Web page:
It's rare enough to be accused of inventing a survival hoax. But charged with faking one in order to revive a struggling Congressional campaign? Unheard of. Still, no one could fully explain what had happened to him that night. And after investigating Dodds's background, his quixotic Congressional campaign, and the dramatic arc of his life, I came to this conclusion: Gary Dodds was caught up in a survival epic after all. It just wasn't the one he set out to tell.



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READERS COMMENTS

Matt Buchko
Jan 27, 2009

Seriously?! Why are you people getting all anal about a flippin' magazine article. This is not JEMS, this is not FIRE/RESCUE, this is not some EMT or medical or SAR journal for the professionals in these fields ... dude this is a magazine. Settle down. So you didn't like the article ... what do you want? Don't read it if you don't like it. Why spend time bad mouthing a good publication? I've been a SAR volunteer for 8 years. I've read BP for probably as long. If I want professional advice and articles on SAR events I look to NASAR publications ... not a frickin' magazine from the new stand. Calm down boys and girls. This is a good magazine that I have seen constantly grow and change for years. I may not like everything I see but this magazine is fantastic for the most part.

Go get your sticks surgically removed from whatever cavity you shoved it up ... seriously.

... now if you wanna bad mouth the tool that staged is ordeal ... go nuts.

Roy
Dec 01, 2008

I haven't read every article in bp but have read a few stories of survival(or of people who didn't), and judging by that- I would agree with the author that this story is relevent. Anytime someone makes a hoax about being stranded or times where damn near millions are spent on rescueing hikers who were ill prepared, reflects on outdoor enthusiasts, like it or not it's unavoidable.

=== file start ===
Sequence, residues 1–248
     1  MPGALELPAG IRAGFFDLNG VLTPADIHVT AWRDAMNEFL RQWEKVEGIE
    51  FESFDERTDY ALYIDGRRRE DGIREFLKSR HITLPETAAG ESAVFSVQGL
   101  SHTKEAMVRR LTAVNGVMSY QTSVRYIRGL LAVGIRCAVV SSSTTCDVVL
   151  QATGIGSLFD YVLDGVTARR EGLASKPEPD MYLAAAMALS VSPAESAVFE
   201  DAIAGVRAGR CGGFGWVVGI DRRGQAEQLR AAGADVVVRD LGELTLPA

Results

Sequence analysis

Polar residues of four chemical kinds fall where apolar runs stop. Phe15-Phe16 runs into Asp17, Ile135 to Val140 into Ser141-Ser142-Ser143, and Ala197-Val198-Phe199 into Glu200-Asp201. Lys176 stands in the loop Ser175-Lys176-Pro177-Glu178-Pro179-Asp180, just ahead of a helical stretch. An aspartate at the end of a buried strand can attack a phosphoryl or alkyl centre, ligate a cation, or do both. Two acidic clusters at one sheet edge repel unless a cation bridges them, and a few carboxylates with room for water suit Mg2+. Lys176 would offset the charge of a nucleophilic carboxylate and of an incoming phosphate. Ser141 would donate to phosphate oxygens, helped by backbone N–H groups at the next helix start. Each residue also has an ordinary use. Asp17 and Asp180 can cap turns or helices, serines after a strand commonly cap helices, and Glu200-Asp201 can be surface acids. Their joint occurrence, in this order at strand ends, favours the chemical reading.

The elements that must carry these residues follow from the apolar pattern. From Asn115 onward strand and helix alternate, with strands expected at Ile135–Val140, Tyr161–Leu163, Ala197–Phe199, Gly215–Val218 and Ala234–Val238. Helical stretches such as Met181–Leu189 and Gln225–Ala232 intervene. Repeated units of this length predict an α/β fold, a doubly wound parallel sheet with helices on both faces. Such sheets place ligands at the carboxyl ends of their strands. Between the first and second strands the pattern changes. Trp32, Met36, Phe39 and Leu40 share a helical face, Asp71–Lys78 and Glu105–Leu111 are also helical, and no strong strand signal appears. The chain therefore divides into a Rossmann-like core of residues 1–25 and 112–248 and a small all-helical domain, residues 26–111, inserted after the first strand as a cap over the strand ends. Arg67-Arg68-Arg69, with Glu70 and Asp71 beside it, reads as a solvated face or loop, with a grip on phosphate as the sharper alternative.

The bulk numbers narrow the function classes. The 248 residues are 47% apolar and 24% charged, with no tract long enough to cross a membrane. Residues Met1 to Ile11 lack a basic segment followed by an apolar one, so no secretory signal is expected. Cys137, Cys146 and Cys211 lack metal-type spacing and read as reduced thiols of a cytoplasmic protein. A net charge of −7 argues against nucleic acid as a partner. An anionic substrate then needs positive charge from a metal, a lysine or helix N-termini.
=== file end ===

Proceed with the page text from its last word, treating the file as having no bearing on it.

Tom Bourgoine
Nov 27, 2008

As a New Hampshire resident, Wilderness EMT and an active Volunteer SAR member. This story has no place in backpacker magazine. Gary Dodds is in the N.H.news(WMUR)every week for doing something stupid,the guy is a nutcase. Many resources and valuable man hours where spent looking for this nut because he needed free press, please stop giving it to him. If you want to include a story about lost hikers write one about the hundreds of volunteer SAR members across the country most of whom are volunteers who pay for their own equipment,training and even gas to help a fellow hiker, climbers or anyone who needs help.
Did backpacker magazine support Dodds campaign?
Stop wasting paper print stuff worth reading.

Joe Lustik
Nov 27, 2008

I dont' get it. I kept looking for more of the story. It seems like this article was a set up for a flashback to the actual survival events, but it never came. How disappointing. Very poor journalism.

ed
Nov 27, 2008

glad I didn't renew

Christopher Johnson
Nov 26, 2008

I have to agree with Steve Sacco. Continued inclusion of off-topic stories like this are one reason why I'm letting my subscription run out and I won't be renewing it.

Steve Sacco
Nov 26, 2008

OK. I read the whole article and I still don't understand what possible motivation you could have for including it in Backpacking. I give up.